EU cyber security agency calls for electronic ID cards

27 Nov 2009

Europe’s cyber security agency ENISA (the European Network and Information Security Agency) has concluded that electronic ID (eID) cards offer the most secure and reliable method of authentication for internet services like online banking.

The agency has proposed the widespread introduction of a privacy-protecting universally applicable eID card which it says is technologically feasible.

Major European eID interoperability projects, such as STORK and its successor ELSA are aiming at a European-wide take-up of new technologies.

Online banking security

Online banking is one of the most widely-used electronic services by European consumers. However, online banking fraud is on the rise. Security is a major concern for online banking.

The agency report explains that because more and more internet applications require authentication, more standardised approaches to user identification and authentication are needed.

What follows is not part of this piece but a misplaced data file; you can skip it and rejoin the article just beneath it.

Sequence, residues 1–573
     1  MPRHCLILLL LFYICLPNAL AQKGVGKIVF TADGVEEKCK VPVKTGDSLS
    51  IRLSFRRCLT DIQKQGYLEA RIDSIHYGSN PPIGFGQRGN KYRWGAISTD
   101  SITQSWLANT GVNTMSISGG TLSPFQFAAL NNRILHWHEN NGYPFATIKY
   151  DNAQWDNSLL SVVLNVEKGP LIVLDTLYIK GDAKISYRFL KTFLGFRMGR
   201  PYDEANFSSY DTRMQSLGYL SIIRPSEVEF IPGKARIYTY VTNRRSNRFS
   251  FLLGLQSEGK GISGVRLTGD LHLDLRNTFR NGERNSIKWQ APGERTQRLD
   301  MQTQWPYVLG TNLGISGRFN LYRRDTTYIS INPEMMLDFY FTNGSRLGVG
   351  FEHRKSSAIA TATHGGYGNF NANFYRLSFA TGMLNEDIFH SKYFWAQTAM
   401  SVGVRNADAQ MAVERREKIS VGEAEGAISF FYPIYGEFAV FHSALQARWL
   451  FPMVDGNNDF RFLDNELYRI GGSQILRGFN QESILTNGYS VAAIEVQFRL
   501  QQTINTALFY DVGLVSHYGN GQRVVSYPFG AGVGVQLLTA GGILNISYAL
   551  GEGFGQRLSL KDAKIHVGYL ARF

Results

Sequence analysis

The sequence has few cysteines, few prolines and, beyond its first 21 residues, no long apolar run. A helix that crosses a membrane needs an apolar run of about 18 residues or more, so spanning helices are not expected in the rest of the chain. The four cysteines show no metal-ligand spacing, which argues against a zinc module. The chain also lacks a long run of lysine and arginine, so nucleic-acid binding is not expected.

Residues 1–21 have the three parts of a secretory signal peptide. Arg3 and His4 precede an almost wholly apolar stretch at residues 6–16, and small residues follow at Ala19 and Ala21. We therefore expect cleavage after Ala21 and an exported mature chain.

In Europe, several States have already rolled out electronic ID cards.

The first steps when we use internet services are usually to identify ourselves by our names and then authenticate that it is us.

The security levels for these steps can vary from a simple combination of username, password, through a secret PIN, to credentials generated by some external device or a smart card using cryptography.

Chips in cards

Smart cards are increasingly being used for authentication purposes. Many European identity cards contain a smart-card chip, with functionalities for online authentication.

The ENISA Position Paper defines a comprehensive list of requirements for national ID cards to ensure they become as flexible and as multi-purpose as possible.

“Electronic identity cards offer secure, reliable electronic authentication to internet services, but banks and governments must co-operate better to be able to use national eID cards for banking purposes,” said the executive director of ENISA, Dr Udo Helmbrecht.

By John Kennedy

Photo: The European Network and Information Security Agency has proposed the introduction of a privacy-protecting universally applicable eID card.

John Kennedy is a journalist who served as editor of Silicon Republic for 17 years